Outstanding commemoratives mark 75 years since the end of World War II

Apr 22, 2020

75 Years WWII   1440 x 1080

The impact of the Second World War was staggering. Affecting almost every corner of the globe, it involved about 70 million serving personnel who fought on behalf of either the Allied or Axis powers.

More than 50 million deaths, both military and civilian, were directly attributed to the conflict. A further 20 million people perished (and this is a conservative estimate) from war-related disease and famine.

Simply stated, it was the bloodiest conflict in history.

Recognising the 75th anniversary of the end of World War II, The Perth Mint is this month proud to issue significant new coins marking a return to peace after nearly six years of unparalleled international bloodshed between 1939 and 1945.

Australia at war

Still a young and relatively minor nation in the world, Australia nonetheless played its role heroically.Slouch Hat

Almost a million men and female nurses (from a population of about seven million) supported Allied efforts against Germany and Italy in Europe, the Mediterranean and North Africa, as well as against Japan in south-east Asia and the Pacific. Some 30,000 Australians lost their lives in the line of duty and 65,000 were injured.

Subsequently, names such as ‘Tobruk’, ‘Kokoda’ and ‘Changi’ entered the national lexicon as symbols of Australian courage, perseverance and suffering.

On the home front Australians lived in fear of imminent invasion. German raiders lurked offshore, sinking the light cruiser HMAS Sydney in November 1941. Sydney Harbour came under direct attack from Japanese midget submarines in May 1942; and a year later the Centaur, a hospital ship anchored off Queensland, was torpedoed with the loss of 268 lives.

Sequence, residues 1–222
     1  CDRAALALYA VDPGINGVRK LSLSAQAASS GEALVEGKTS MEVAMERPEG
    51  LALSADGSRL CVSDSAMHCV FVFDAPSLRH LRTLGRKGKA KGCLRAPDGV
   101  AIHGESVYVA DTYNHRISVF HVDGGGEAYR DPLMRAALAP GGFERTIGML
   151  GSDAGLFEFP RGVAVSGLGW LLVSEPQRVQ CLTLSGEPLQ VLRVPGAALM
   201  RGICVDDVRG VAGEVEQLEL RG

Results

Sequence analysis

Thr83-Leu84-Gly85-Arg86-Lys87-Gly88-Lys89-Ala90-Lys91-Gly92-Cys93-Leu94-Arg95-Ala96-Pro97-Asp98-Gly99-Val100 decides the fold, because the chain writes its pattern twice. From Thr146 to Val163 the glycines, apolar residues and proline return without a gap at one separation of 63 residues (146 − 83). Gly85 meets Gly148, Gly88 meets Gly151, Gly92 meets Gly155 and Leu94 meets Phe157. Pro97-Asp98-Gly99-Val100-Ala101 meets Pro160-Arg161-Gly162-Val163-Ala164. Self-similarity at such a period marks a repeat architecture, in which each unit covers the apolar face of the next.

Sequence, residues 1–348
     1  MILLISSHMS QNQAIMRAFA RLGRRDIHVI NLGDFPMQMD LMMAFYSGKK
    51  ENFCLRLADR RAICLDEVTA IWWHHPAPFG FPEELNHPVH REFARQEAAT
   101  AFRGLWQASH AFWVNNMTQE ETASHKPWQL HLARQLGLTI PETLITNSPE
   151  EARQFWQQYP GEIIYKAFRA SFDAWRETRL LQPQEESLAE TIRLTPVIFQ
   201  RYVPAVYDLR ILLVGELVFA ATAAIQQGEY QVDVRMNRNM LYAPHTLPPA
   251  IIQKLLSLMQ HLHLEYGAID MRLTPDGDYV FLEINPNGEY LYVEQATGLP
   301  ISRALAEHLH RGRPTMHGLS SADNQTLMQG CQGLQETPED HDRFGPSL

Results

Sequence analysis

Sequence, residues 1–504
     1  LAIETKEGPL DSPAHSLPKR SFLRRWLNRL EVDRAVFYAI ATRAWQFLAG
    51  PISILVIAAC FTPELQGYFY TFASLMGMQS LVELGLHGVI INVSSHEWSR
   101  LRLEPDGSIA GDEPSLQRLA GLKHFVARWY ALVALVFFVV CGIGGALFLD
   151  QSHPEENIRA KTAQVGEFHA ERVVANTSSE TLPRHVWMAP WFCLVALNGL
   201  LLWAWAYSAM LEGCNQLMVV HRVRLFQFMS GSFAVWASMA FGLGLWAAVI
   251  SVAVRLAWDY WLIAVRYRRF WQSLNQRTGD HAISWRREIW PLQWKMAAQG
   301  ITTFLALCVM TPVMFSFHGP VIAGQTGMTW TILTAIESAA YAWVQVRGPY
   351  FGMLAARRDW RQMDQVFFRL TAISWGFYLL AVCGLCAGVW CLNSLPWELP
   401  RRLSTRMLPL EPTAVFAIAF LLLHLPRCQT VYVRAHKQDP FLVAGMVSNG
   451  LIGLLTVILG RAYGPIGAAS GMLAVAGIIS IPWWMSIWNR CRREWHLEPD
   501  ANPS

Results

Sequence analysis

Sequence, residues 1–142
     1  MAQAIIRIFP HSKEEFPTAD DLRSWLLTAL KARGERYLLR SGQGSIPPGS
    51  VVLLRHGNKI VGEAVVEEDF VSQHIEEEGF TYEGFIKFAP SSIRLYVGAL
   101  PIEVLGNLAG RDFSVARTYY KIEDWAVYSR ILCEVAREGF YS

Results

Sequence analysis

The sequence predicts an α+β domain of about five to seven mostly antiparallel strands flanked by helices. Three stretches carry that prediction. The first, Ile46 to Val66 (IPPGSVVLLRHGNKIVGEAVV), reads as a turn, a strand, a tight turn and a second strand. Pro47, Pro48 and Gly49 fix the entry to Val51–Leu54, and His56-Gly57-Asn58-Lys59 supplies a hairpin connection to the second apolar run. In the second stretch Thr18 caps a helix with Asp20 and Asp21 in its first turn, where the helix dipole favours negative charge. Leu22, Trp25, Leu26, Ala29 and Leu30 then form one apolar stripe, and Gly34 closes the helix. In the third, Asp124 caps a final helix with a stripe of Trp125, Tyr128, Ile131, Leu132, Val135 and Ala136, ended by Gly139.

Towns and airfields across northern Australia also came under attack at this time, starting with the raid on Darwin by 242 Japanese aircrafts in February 1942 which killed at least 235 people.

Coming of peace

The final battles of the European Theatre of World War II took place in late April and early May 1945. Victory in Europe Day, generally known as VE Day, marked formal acceptance by the Allies of Germany’s unconditional surrender on 8 May 1945.

Three months later, atomic weapons were dropped on the cities of Hiroshima and Nagasaki. With the consequent surrender of Imperial Japan, Victory in the Pacific Day (VP or VJ Day for short) announced on 15 August 1945.

These momentous events triggered dramatic outpourings of relief. Across the free world, crowds spontaneously gathered in towns and cities to celebrate the end of the conflict. As enthusiastic as anywhere, Australia witnessed unbridled scenes of joy – such as those captured in this clip on the street of Sydney which immortalised the iconic ‘dancing man’.

In tandem with this happiness, however, were memories of loved ones lost, portents of more sombre days ahead for the families and friends of those who would never return to home shores.

75th anniversary commemorations

As we pay tribute to 75 years since the end of World War II it is especially important to preserve the memory of those whose extraordinary courage and sacrifice helped protect our democracy and freedom.

As we face yet another unprecedented historic world event with the current coronavirus pandemic, Australians are as determined as ever to honour their Defence Force personnel this Anzac Day. While we are unable to congregate at traditional Dawn Services throughout the country, many of us will be watching the National Anzac Day Service to be broadcast from the Australian War Memorial in Canberra.

End of WW2 Blog

The Perth Mint is supporting 75th anniversary commemorations with the release of a special suite of pure gold and silver coins.

As a government owned institution with a remit to issue Australian legal tender marking events of national and international significance, we take our responsibility to produce dignified military keepsakes and collectables as a true honour.

Portraying representations of World War II troops surrounded by symbols of the long-awaited peace – a dove and wreaths – each coin’s poignant design is finished to one of our exceptional finishes.

Limited to an extremely rare mintage, these emotive keepsakes will help to keep the enormity of the war’s impact alive for many generations to come.